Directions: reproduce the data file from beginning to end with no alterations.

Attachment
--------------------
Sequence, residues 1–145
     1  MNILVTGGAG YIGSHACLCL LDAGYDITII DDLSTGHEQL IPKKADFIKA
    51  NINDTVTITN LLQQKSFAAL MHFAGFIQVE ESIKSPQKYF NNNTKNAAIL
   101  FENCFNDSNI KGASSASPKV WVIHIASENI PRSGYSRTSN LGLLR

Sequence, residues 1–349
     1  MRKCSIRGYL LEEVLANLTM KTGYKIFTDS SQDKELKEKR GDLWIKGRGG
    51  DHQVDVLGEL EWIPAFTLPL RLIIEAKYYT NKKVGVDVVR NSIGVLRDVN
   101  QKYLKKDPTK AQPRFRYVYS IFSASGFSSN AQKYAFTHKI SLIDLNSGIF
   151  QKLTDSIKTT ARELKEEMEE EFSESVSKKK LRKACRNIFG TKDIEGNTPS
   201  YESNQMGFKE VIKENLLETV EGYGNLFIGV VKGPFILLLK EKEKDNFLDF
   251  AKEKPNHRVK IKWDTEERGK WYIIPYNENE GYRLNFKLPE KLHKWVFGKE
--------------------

Sequence, residues 1–145
     1  MNILVTGGAG YIGSHACLCL LDAGYDITII DDLSTGHEQL IPKKADFIKA
    51  NINDTVTITN LLQQKSFAAL MHFAGFIQVE ESIKSPQKYF NNNTKNAAIL
   101  FENCFNDSNI KGASSASPKV WVIHIASENI PRSGYSRTSN LGLLR

Sequence, residues 1–349
     1  MRKCSIRGYL LEEVLANLTM KTGYKIFTDS SQDKELKEKR GDLWIKGRGG
    51  DHQVDVLGEL EWIPAFTLPL RLIIEAKYYT NKKVGVDVVR NSIGVLRDVN
   101  QKYLKKDPTK AQPRFRYVYS IFSASGFSSN AQKYAFTHKI SLIDLNSGIF
   151  QKLTDSIKTT ARELKEEMEE EFSESVSKKK LRKACRNIFG TKDIEGNTPS
   201  YESNQMGFKE VIKENLLETV EGYGNLFIGV VKGPFILLLK EKEKDNFLDF
   251  AKEKPNHRVK IKWDTEERGK WYIIPYNENE GYRLNFKLPE KLHKWVFGKE